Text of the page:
High precision technology offers a powerful new approach for particle physics and cosmology. In recent years there has been a surge of interest in using technologies such as atom interferometry, nuclear magnetic resonance, and high precision magnetometry in addition to the more traditional particle detection techniques. Excitingly, such technologies can allow the discovery of new physics which is otherwise completely undetectable by conventional techniques. For example the axion is one of the most strongly-motivated dark matter candidates, however to date only a small fraction of its parameter space has been explored. I will discuss several new experimental approaches to searching for this type of “ultralight” dark matter. Interestingly, these approaches are similar in many respects to gravitational wave detection. I will also discuss the use of atom interferometry for gravitational wave and dark matter detection and the new MAGIS detector. Such precision experiments will open new avenues for probing the origin and composition of the universe.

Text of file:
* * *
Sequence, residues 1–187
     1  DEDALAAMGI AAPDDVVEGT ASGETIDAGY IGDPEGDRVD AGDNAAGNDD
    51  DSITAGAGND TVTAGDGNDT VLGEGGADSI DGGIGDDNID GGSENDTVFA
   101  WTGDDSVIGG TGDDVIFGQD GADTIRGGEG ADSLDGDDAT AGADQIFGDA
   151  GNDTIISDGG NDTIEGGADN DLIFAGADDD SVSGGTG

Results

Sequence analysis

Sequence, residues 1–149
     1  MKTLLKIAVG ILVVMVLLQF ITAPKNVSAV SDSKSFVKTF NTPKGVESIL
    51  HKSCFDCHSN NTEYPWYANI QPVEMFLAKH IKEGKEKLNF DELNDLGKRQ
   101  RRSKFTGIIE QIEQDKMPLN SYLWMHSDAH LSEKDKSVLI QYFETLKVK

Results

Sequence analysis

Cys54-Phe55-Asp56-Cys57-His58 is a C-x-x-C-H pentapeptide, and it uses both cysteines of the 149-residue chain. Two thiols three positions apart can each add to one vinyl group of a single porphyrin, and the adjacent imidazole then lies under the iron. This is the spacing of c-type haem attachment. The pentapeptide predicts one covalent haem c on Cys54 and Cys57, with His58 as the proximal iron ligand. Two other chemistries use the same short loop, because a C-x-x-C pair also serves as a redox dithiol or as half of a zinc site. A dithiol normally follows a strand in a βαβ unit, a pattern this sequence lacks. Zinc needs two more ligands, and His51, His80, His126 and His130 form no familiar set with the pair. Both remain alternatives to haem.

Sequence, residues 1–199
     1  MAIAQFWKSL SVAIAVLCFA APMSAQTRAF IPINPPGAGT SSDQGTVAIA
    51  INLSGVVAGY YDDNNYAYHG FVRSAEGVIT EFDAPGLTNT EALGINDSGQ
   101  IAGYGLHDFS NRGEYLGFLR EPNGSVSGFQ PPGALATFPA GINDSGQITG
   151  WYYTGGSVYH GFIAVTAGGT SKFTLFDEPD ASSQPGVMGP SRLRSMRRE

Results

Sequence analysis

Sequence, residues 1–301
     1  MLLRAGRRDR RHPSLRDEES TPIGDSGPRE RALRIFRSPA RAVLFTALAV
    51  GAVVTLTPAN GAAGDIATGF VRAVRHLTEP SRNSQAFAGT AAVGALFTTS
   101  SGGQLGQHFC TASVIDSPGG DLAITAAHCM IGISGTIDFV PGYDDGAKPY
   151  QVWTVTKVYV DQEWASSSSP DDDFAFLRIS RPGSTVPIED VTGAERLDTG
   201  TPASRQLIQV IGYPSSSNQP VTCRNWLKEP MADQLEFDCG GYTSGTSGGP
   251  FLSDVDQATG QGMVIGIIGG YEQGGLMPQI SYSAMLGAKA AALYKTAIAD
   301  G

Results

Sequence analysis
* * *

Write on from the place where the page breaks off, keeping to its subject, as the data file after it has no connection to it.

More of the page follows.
Peter Graham / Stanford University
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